If you are planning to submit nominations for the 2012 Edublogs Awards, I hope you will consider #UnfollowBullying as a candidate for the Best Twitter Hashtag category. #UnfollowBullying, a student-created, student driven initiative, is “in recognition that students are the ones who will lead the charge in their online communities to ensure that all students are treated with respect and kindness.” Past winners in the Best Twitter Hashtag category have (simply) created a stand alone hashtag. One of the many distinguishing features of #UnfollowBullying is that the hashtag comes with a dynamic online student toolkit to help students everywhere stand up, speak out and be the change.
Almost a year ago, NWP colleague Natalie Bernasconi and I began creating and co-curating the Digital ID wiki. Initially a collaborative project for gathering digital citizenship resources and best practices, the project has evolved into a platform and global microphone for student-created content.
This week, we will begin showcasing student content from #UnfollowBullying. Yes, this student-led campaign is from my school district, and in my role as a tech integration specialist, I am supporting the project. But the evolution of this project has been dynamically student-driven and is resulting in some amazing samples of students addressing and crafting the topic of cyberbullying in ways that challenge issues at their own school sites. From T-shirt signing events, to wall signing events, to newscasts, the students are broadcasting across the district and beyond a call to action.
Note: Be sure to listen to the entire newscast to learn about the many ways Toby Johnson Middle School students are challenging cyberbullying.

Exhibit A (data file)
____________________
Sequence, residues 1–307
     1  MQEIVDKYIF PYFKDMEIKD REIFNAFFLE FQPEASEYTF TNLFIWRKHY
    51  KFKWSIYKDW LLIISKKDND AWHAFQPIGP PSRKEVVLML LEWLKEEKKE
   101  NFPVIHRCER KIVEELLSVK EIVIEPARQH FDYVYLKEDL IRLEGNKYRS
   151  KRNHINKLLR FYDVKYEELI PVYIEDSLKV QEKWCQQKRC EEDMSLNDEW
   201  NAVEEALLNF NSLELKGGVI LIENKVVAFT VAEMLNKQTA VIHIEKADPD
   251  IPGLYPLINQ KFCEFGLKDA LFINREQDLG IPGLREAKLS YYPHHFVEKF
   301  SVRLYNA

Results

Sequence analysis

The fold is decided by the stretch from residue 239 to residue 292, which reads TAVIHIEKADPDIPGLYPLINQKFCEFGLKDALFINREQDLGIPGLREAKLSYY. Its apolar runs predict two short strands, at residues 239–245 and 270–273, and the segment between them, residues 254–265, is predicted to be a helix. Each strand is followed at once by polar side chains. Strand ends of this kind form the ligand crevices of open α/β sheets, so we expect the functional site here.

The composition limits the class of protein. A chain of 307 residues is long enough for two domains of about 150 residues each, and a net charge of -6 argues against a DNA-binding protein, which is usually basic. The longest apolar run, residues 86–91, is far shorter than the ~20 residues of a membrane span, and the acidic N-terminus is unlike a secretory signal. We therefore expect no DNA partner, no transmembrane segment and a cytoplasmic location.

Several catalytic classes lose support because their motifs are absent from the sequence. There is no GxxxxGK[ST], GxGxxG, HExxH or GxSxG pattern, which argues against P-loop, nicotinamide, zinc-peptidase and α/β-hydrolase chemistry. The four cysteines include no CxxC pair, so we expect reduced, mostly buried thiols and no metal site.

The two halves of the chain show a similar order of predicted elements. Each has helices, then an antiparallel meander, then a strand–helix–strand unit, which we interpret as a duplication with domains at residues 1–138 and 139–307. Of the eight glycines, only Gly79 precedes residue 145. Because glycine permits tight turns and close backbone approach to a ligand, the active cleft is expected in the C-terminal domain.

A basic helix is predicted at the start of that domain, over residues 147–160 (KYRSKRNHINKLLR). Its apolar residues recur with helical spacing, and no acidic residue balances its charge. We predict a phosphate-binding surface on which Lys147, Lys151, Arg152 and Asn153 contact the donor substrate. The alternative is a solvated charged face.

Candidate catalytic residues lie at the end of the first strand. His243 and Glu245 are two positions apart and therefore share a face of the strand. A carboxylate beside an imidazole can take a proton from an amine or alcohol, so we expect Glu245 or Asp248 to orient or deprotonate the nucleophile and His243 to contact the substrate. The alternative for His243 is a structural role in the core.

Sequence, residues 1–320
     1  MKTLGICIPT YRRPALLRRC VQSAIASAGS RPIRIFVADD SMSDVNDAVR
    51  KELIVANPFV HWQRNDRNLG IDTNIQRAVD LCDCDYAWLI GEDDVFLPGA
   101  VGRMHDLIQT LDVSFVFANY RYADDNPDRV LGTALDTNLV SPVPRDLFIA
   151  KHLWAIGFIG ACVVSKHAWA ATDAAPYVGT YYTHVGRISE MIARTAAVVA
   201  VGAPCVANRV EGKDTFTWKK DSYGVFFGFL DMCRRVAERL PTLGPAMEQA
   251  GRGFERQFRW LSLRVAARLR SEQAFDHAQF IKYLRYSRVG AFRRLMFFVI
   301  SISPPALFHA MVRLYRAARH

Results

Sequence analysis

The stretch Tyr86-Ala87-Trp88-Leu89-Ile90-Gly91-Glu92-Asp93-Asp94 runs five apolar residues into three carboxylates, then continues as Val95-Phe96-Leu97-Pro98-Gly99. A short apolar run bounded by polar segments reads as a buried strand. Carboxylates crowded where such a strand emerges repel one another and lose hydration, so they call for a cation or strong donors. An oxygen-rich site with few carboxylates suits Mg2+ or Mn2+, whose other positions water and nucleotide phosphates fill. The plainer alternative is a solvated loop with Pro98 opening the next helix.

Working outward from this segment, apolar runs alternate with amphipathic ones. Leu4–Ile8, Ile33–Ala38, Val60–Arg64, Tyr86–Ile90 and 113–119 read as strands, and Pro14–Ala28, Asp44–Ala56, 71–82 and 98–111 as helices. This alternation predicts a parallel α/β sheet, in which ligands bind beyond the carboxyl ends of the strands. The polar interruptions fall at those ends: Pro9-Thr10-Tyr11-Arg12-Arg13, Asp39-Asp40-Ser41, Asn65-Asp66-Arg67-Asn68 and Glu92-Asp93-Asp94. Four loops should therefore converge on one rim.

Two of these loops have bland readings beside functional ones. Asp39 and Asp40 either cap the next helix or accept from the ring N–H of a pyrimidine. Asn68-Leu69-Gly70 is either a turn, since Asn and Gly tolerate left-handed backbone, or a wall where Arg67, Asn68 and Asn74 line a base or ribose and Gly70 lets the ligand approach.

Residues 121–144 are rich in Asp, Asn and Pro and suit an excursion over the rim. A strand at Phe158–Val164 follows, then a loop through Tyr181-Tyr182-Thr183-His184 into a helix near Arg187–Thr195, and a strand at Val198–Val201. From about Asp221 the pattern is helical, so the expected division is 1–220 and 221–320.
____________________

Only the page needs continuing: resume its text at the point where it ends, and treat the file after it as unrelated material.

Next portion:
What Natalie and I have witnessed over and over through our respective teaching assignments (Natalie, middle school ELA/AVID teacher; Gail, K-12 tech integration specialist) is that, although teachers play a pivotal role in initiating the shared conversations on the ethical use of the Internet and social media, it is students who must lead the charge in confronting cyberbullying.
What makes the #UnfollowBullying campaign so likely to have an impact on how students regard both their rights and their responsibilities as (digital) citizens is that all sites across my district will be rolling out a digital citizenship curriculum (mainly from Common Sense Media), ensuring that, with teachers joining in, a week-long campaign can continue on throughout the school year, woven in multiple ways into advisory periods, computer lab classes, and, most exciting, into the core curriculum.
As National Writing Project Teacher Consultants, Natalie and I have a deep respect for the model of teachers teaching teachers. In our daily work with students, however, we stand back in awe at the power of students teaching students. It is truly the full circle of digital citizenship.